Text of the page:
I like what Oliver Lakes does on the saxophone. The saxophone comes pretty close to the sound of the human voice and when Oliver plays with other sax players, it’s like a dialogue.
I like connecting the abstract to the concrete. There’s a tension in that. I believe the reader or listener should be able to enter the poem as a participant. So I try to get past resolving poems.
I think of my poems as personal and public at the same time. You could say they serve as psychological overlays. One fits on top of the other, and hopefully there’s an ongoing evolution of clarity.
I see many black males grasping for some thread of hope. There are so many destructive practices, glimpses into a psychic abyss. That must be very frightening.
I excavate history. I look at lives buried under too much silence. Periods of time, like slavery, have to be revisited, reimagined, so we can move through them.
Students often have such a lofty idea of what a poem is, and I want them to realize that their own lives are where the poetry comes from. The most important things are to respect the language; to know the classical rules, even if only to break them; and to be prepared to edit, to revise, to shape.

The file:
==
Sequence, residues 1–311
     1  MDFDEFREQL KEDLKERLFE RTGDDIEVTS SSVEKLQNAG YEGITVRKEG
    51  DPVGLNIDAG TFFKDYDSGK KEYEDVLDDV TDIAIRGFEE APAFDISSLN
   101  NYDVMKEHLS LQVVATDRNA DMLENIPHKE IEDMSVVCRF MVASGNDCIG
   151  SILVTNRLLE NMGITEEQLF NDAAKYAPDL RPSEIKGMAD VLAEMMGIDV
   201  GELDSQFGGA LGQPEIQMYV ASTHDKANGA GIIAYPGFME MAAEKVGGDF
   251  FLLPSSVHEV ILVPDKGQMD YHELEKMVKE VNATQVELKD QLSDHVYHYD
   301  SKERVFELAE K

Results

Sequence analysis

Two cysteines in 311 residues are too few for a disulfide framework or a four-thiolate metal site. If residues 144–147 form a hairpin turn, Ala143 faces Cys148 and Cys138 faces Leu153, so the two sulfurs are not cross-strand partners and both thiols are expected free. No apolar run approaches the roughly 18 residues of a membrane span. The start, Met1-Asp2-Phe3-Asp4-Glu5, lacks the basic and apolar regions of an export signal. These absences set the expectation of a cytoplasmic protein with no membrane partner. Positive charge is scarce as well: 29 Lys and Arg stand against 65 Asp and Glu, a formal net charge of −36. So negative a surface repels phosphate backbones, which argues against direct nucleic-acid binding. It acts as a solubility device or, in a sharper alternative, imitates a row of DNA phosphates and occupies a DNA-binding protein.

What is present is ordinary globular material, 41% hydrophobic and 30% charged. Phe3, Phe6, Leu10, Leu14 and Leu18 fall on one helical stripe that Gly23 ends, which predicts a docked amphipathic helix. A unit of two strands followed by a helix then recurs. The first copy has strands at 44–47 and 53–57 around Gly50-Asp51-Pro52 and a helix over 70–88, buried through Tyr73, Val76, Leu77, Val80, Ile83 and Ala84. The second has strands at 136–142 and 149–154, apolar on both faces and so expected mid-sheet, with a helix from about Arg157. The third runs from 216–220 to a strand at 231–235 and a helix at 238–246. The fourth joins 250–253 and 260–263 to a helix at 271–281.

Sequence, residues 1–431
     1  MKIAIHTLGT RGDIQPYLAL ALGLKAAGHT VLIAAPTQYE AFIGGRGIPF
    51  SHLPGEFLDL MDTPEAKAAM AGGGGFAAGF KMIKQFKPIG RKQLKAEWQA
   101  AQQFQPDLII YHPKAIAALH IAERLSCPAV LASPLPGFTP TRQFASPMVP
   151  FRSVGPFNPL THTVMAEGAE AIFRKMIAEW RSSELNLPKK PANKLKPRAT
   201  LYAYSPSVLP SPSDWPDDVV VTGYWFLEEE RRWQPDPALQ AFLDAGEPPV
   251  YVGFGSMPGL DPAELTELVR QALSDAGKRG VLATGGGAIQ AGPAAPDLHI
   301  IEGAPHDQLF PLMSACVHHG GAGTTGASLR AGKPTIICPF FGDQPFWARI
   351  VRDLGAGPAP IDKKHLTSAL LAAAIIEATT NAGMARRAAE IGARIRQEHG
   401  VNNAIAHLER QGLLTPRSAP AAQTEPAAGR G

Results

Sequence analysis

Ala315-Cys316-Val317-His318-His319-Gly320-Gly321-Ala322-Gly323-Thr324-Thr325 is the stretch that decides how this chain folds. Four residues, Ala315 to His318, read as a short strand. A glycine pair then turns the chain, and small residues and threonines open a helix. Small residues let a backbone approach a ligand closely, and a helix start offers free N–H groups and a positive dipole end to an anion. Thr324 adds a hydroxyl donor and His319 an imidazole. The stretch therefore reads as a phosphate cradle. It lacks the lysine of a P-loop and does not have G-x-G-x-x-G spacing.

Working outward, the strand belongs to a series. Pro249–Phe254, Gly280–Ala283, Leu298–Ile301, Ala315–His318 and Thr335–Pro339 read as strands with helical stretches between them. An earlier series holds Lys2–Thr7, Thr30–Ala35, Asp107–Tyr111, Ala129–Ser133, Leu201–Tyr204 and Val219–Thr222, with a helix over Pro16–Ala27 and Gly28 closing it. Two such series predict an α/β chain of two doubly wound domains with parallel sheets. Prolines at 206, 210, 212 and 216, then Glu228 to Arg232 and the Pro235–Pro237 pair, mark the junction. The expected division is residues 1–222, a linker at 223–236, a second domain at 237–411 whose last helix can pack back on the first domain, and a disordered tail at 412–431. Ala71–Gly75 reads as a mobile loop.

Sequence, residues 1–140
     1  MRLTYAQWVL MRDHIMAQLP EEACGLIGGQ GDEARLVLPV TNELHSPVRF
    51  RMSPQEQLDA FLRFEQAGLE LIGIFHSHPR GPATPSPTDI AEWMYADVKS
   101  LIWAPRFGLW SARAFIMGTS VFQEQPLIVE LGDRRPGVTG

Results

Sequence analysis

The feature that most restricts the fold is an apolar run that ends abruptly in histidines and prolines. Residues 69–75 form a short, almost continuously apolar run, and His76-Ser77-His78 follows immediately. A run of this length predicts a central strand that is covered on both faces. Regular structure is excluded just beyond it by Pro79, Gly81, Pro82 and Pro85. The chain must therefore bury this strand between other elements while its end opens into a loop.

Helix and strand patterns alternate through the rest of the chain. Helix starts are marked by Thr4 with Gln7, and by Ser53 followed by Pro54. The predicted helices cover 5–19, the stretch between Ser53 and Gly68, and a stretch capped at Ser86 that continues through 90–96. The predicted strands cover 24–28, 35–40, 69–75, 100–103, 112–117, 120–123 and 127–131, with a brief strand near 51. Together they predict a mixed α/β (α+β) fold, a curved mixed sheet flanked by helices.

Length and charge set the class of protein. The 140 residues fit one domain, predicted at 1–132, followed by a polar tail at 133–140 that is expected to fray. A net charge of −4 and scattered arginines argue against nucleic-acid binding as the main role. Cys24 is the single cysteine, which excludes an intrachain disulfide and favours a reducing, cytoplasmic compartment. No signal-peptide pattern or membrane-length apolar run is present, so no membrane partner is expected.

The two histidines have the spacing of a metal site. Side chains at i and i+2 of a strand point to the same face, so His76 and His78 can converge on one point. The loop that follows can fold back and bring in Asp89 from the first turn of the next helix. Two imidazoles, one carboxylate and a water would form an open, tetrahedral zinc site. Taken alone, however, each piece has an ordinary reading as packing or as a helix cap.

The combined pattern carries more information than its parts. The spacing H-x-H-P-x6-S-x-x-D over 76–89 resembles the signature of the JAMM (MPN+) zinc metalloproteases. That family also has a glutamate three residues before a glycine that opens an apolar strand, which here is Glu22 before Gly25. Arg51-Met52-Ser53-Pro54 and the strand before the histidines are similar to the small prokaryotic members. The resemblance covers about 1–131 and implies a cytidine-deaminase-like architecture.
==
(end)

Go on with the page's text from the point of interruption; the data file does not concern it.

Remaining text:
We have to embrace the good over the bad. That has to be one’s personal project.
Poetry helps me understand who I am. It helps me understand the world around me. But above all, what poetry has taught me is the fact that I need to embrace mystery in order to be completely human.
I define poetry as celebration and confrontation. When we witness something, are we responsible for what we witness? That’s an on-going existential question. Perhaps we are and perhaps there’s a kind of daring, a kind of necessary energetic questioning. Because often I say it’s not what we know, it’s what we can risk discovering.
I’m uncomfortable with the focus on the poet and not on the poem.